Coal Ash Wednesday: Importing 150,000 tons of ash from India?


Try to wrap your mind around this one:

As Duke Energy continues a state-ordered cleanup of millions of tons of potentially toxic coal ash, an Ohio company won approval Tuesday to store even more ash imported from India in North Carolina.

The Council of State on Tuesday approved a two-year warehouse lease with Spartan to store 150,000 tons of fly ash imported from India at the state port in Morehead City. Spartan officials couldn’t be reached Tuesday, but a North Carolina Ports official said the ash will go to concrete plants.

That's right, coal-fired power plants in our state, mostly owned by Duke Energy, have been creating over 5 million tons of ash for decades, yet we (apparently) still need to import more of that crap to satisfy the needs of concrete manufacturers. Why? Because it's probably slightly cheaper for Duke Energy to dump it in the ground, or leave it in the ground, so it can pollute our water. And instead of selling more of that surplus(?) ash to concrete people, they are poised to make a shitload of money off ratepayers for moving it or capping it in place. For cleaning up their own mess. This is what we get for placing Duke Energy's profit margin at the top of our regulatory oversight:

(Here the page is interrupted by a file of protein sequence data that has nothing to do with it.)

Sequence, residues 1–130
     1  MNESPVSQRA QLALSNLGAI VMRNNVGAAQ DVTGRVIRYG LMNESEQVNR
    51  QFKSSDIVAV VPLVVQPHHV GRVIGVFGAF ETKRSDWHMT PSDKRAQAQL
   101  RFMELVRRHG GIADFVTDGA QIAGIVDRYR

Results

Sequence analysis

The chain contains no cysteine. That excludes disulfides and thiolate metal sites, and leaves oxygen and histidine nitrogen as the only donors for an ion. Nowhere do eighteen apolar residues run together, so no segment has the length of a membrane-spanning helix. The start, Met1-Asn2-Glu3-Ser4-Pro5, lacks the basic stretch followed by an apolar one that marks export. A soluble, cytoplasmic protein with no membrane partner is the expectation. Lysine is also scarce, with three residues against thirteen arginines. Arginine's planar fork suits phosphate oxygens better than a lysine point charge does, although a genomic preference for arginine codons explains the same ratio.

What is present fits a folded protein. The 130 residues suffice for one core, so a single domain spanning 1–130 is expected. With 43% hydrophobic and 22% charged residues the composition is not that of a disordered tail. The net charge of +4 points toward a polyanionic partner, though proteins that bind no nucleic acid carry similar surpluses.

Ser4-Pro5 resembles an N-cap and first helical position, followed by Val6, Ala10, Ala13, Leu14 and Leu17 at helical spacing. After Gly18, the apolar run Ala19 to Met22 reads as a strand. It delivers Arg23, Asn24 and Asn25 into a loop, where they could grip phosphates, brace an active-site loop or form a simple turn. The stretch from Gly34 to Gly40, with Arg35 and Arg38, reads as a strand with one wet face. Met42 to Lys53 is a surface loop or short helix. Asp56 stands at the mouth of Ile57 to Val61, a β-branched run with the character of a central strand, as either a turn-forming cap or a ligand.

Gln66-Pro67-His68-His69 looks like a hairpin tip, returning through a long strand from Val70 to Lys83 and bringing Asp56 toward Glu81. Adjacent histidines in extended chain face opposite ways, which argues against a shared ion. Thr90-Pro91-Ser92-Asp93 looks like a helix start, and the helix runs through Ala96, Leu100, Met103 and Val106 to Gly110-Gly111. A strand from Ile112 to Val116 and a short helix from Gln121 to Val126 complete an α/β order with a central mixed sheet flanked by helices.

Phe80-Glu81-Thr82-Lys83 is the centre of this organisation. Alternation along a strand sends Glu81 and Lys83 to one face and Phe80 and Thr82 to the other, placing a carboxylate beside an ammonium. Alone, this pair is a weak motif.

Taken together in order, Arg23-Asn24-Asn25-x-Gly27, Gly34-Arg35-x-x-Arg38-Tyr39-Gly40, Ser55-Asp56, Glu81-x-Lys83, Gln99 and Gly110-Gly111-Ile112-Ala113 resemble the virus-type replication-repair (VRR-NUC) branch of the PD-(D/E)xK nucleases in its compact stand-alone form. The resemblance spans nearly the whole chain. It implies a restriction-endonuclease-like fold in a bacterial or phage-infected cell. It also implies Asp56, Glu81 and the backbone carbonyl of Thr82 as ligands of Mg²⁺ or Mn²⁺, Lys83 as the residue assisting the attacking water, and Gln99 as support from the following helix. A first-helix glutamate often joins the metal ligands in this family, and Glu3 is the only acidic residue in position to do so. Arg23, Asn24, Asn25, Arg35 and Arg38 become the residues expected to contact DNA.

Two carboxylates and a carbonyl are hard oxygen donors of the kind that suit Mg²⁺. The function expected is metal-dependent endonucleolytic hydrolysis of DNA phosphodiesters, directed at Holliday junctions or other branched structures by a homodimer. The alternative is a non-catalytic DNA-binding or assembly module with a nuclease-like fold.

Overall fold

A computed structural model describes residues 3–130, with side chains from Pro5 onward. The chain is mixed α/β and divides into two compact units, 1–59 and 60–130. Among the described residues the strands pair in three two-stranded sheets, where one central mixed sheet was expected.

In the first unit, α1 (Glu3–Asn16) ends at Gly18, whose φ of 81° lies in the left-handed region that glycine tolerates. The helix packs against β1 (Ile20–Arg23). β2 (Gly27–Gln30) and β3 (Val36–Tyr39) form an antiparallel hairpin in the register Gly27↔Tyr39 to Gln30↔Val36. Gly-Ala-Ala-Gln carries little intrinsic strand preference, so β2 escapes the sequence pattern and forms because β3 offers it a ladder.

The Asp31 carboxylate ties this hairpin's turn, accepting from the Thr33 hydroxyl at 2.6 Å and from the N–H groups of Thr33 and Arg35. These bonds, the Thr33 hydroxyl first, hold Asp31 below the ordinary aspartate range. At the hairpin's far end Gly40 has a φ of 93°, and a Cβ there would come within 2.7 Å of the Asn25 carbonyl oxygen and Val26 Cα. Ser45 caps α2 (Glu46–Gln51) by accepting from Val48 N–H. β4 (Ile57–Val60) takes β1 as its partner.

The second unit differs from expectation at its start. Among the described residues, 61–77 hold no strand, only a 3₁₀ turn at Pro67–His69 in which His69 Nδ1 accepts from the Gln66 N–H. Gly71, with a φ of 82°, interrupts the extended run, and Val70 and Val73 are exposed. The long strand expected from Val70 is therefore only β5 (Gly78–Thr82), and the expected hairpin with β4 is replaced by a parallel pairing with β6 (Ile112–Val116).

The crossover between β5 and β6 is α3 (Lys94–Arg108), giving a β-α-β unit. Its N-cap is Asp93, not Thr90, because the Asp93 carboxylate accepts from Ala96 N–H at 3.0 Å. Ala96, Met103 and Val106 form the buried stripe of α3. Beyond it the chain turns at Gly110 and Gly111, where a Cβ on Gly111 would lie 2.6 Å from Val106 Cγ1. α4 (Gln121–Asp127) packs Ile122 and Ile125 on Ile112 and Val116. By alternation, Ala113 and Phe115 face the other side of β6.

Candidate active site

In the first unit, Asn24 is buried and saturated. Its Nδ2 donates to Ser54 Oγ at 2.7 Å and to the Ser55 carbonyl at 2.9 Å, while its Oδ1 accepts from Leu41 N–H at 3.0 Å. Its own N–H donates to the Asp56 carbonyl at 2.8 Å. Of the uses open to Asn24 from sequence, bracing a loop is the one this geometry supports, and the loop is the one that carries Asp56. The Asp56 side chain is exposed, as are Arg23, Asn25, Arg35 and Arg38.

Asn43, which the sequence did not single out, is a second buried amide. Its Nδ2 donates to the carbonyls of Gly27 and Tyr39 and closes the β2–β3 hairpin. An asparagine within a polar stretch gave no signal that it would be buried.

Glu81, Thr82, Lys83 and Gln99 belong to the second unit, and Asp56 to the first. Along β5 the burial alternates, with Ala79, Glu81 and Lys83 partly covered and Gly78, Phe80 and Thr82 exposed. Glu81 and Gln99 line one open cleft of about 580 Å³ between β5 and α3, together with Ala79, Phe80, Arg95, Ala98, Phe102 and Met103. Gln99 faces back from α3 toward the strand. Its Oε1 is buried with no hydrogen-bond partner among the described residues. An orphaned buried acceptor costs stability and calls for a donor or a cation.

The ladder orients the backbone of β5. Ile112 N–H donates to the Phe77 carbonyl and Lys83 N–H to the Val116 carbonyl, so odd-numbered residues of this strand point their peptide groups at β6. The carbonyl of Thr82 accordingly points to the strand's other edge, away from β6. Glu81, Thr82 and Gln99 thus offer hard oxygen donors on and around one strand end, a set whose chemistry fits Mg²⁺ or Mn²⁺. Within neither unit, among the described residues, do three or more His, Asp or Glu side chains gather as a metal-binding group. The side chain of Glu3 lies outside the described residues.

Duke spokeswoman Erin Culbert said processing and transportation costs play roles in how it markets ash. Federal standards that require cleaner air emissions from its power plants can also make ash less usable in concrete, she said.

The 35 percent of ash Duke recycles each year, combined with the output of the three new processing plants, will likely exceed the amount of new ash Duke produces within three years, Culbert said.

Catawba Riverkeeper Sam Perkins said Duke’s plan to leave ash in basins at six power plants, drained of water and capped, risks the health of nearby residents and wastes productive use of the ash.

“When we’re talking about new contracts to bring in coal ash from halfway around the world, I think it’s clear that we have unmet demand for the coal ash that’s still here,” Perkins said. The ash that Duke plans to leave in place at the Allen power plant in Gaston County, he said, could instead be used in concrete for upcoming construction projects in the area.

Bolding mine, because the very idea they're allowed to "market" this crap, instead of being forced to recycle every little bit that might be used in relatively safe methods or products, is so absurd I don't even know where to begin. And the part about transportation costs? Seriously? We're bringing in ash from the other side of the world, and you have the gall to whine about moving it 75 miles or so?

When the Utilities Commission has their next meeting to hear arguments about that massive rate increase to cover coal ash disposal costs, the lost revenue from this concrete debacle needs to be front and center. Have them try to explain why taking money from us (ratepayers) is more responsible than selling that ash so it could be safely sequestered in a bridge structure.